Bloody good referee here and no, I hadn’t known and don’t care now that I do. Welsh mind, which is a problem, but a bloody good referee:
The Rugby Football Union has launched an investigation into alleged homophobic and racial abuse of the Welsh referee Nigel Owens by a group of England supporters during the defeat by New Zealand at Twickenham last Saturday.
Owens, widely regarded as one of the top referees is world rugby, told Telegraph Sport that he welcomed the investigation but revealed he has considered quitting the sport because of an increasing level of homophobic abuse in stadiums and on social media.
However, so far I’m not quite sure whether there is increased levels of homophobic abuse (or any other kind). We might be seeing here the Polly Effect.
“What has become more evident is that while we may not be so aware of it on the field, I think we become more aware of it now through social media,” Owens said.
“When you see things that are tweeted by so-called rugby supporters about opposition teams and some of the tweets that I have had, you begin thinking ‘bloody hell, are these type of people really in our game?’ “I have had homophobic tweets and messages on Facebook from people who are shouting things that I could not repeat in your newspaper.
“It is creeping into the game and some of the tweets I have had are pretty nasty, really.
“Sometimes you get these comments and read these tweets and you think ‘do I really need this? Do I really need to do this job?’ It does get you down and I honestly think sometimes like saying ‘enough is enough, I will walk away from it all’.
The Polly Effect being what happened over at The Guardian when the comments section online started, a decade or so ago. Suddenly La Toynbee (after whom the effect is named of course but this applies to many more than just her) found that the reading audience did not hang upon her every word and agree with her pronunciamentos. They were willing to argue with her grasp of facts, logic, basic political principles and, in effect, not treat her as the guru telling us all like it is ex cathedra.
It was one hell of a shock to the pontificating classes after those decades when the editorial staff had largely protected them from readers’ letters, allowing through only the more amusing ones in green ink.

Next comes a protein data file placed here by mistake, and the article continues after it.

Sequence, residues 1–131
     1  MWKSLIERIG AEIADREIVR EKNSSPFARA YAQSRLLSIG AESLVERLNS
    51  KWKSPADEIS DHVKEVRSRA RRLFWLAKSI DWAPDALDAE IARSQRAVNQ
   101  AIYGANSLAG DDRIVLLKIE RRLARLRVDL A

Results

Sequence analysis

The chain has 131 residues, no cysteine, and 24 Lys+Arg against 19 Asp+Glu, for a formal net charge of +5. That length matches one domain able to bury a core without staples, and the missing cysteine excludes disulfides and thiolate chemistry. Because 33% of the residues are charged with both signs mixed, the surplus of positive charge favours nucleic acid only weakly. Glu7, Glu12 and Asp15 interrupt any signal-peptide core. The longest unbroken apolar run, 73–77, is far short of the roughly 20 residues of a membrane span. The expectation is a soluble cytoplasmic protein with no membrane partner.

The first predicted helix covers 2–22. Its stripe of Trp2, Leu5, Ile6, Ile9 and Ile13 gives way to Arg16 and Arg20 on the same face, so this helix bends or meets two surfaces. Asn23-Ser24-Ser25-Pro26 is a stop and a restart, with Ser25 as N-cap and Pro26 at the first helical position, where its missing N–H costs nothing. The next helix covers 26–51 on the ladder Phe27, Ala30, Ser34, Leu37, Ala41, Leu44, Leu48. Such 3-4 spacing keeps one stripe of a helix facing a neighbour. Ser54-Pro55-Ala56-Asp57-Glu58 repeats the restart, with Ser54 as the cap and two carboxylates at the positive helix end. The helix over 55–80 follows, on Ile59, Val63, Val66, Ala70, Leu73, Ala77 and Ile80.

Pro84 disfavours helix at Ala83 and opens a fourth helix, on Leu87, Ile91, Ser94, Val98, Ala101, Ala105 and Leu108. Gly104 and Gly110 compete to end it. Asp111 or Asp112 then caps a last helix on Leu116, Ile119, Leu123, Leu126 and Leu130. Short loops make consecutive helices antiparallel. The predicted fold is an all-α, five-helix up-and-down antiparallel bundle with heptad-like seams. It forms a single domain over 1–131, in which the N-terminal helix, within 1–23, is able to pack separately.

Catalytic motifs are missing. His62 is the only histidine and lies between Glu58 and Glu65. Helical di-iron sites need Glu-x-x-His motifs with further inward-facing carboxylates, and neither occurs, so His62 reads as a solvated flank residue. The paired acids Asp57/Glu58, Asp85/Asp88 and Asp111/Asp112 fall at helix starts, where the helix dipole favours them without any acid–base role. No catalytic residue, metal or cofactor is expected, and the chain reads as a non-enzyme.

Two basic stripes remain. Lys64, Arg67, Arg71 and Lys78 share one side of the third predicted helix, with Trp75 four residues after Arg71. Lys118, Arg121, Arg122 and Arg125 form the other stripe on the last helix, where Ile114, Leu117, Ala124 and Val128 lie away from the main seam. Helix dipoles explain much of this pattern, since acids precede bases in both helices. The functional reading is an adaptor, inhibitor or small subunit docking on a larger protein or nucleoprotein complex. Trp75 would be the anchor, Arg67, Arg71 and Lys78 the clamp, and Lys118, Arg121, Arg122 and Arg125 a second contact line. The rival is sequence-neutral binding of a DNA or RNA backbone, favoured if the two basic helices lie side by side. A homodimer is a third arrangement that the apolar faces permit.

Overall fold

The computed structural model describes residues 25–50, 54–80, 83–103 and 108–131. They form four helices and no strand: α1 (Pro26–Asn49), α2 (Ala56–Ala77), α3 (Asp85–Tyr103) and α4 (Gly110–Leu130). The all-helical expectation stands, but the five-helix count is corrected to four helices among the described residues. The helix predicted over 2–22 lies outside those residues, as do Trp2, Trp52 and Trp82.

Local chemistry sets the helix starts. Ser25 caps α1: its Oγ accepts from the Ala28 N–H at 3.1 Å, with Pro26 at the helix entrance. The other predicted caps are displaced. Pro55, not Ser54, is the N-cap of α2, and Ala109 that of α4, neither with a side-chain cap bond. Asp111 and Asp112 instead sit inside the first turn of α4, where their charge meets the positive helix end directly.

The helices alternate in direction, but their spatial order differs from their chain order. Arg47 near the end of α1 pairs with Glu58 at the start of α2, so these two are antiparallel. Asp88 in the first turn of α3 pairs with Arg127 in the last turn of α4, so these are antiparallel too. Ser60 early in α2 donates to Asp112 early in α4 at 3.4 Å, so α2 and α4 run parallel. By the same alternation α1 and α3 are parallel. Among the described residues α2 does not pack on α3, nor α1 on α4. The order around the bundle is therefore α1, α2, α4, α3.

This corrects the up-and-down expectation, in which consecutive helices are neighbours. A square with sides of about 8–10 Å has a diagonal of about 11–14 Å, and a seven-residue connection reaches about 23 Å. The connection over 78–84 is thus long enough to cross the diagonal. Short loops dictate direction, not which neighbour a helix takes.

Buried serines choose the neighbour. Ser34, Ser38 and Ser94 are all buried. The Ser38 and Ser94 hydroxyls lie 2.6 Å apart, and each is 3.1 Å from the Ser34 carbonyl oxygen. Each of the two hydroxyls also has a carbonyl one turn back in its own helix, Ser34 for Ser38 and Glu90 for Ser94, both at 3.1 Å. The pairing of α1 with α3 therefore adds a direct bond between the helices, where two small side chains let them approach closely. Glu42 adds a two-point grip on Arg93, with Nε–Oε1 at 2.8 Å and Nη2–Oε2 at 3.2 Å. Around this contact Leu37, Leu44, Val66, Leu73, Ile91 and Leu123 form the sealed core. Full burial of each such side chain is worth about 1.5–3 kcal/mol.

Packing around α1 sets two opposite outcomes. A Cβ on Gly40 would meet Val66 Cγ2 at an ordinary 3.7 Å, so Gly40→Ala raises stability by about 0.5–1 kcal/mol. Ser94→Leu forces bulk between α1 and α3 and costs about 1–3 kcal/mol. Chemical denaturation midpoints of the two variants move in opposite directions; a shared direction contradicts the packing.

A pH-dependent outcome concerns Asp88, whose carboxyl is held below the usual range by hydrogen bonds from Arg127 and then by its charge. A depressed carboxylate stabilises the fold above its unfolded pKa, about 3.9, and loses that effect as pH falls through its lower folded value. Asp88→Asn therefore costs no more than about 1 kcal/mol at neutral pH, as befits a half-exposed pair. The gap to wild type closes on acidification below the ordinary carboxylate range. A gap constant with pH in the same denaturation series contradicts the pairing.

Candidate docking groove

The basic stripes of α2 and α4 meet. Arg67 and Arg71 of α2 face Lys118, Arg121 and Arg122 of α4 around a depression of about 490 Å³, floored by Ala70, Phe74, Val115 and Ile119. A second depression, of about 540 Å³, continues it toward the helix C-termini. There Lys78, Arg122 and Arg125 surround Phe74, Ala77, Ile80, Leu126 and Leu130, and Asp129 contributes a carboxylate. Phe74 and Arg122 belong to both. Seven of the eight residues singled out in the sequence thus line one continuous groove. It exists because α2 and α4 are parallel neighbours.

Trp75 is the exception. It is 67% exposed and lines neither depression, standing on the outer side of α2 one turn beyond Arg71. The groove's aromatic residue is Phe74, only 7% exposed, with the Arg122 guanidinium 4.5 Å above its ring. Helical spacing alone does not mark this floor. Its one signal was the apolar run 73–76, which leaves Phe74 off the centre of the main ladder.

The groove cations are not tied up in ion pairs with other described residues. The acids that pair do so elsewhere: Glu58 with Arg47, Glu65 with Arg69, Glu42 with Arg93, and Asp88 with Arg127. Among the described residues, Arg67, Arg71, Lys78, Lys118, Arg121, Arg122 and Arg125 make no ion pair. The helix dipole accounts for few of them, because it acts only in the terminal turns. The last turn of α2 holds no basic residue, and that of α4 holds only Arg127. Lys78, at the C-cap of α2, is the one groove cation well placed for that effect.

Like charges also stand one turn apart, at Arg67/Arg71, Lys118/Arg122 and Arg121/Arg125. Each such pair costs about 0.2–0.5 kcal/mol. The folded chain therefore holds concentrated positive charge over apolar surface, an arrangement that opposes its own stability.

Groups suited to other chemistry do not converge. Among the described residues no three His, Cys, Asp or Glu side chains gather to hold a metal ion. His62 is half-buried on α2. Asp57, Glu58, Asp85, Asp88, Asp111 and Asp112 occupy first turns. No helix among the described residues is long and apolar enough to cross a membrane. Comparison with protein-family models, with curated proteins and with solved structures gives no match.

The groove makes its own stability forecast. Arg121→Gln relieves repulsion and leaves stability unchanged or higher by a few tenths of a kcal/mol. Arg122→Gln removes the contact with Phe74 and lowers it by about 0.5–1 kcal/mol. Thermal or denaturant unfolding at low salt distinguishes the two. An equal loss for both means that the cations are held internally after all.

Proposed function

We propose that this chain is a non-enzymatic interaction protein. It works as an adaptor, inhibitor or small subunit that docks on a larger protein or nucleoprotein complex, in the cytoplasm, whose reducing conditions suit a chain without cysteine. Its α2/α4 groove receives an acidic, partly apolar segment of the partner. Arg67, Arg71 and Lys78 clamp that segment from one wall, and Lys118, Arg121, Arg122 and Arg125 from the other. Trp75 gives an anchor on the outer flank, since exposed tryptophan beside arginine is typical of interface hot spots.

The difference was of course that the new technology allowed what people already thought to be expressed a great deal more cheaply. No longer a letter and a stamp, but just a quick noodle on the keyboard and one was done.
And that’s a bit of a problem for us here. Is there actually more homophobia in rugby? It’s certainly always been a pretty macho game but I would imagine (and don’t know of course, I’ve not been around it for a couple of decades) that it’s changed in the same direction as the rest of society, towards caring or worrying about it all a great deal less. But working in the opposite direction is that greater visibility and greater ease of expression that digital media offers.
“You Poof!” might have been shouted from the stands or sniggered in the scrum all along, a tweet that goes out to thousands is very much more visible. And far more likely to be seen by the object of the derision/hatred.
Agreed, I’ve no idea what the balance of these is. But I would insist that the Polly Effect has something to do with it, in some part at least.
Seriously, outside the largely non-rugby playing vibrantly Islamic part of our society, who really thinks that Britain is becoming more homophobic? That technology allows those who are to become more vocally so seems obvious, but the first contention doesn’t quite fit with everything else we know.
And on to an excellent joke. Stephen Fry, in drag as a middle aged woman. “Yes, I was very shocked when my son told me his boyfriend was gay”.
How very English of me, being incapable of discussing sex without finding an opportunity to titter about it.